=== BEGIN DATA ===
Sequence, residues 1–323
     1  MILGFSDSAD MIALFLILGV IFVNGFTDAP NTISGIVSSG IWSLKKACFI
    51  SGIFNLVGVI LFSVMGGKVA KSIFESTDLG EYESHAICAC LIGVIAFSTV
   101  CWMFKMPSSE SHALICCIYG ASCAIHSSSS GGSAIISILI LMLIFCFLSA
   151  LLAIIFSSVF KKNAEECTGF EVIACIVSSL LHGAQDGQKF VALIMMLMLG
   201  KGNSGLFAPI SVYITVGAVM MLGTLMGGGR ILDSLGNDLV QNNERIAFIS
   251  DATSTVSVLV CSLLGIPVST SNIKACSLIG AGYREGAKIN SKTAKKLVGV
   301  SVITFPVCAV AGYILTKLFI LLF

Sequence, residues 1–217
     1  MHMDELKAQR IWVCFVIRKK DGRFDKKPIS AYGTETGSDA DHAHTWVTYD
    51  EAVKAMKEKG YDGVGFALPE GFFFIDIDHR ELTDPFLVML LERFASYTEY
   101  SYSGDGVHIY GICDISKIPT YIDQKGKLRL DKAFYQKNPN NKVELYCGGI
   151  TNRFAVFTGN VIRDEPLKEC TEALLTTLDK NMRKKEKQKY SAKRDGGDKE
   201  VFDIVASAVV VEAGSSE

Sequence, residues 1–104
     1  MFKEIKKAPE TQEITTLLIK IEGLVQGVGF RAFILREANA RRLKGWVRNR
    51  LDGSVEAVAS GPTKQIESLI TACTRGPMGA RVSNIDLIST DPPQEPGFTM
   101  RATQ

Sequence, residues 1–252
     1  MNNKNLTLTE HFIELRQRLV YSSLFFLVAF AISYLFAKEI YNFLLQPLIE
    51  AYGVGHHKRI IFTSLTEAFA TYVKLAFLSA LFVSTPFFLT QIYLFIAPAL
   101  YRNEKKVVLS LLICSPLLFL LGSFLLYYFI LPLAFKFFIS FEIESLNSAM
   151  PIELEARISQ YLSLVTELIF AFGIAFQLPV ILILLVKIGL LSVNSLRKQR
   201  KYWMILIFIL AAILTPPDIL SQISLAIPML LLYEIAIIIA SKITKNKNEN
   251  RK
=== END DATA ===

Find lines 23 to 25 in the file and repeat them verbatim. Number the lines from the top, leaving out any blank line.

   151  PIELEARISQ YLSLVTELIF AFGIAFQLPV ILILLVKIGL LSVNSLRKQR
   201  KYWMILIFIL AAILTPPDIL SQISLAIPML LLYEIAIIIA SKITKNKNEN
   251  RK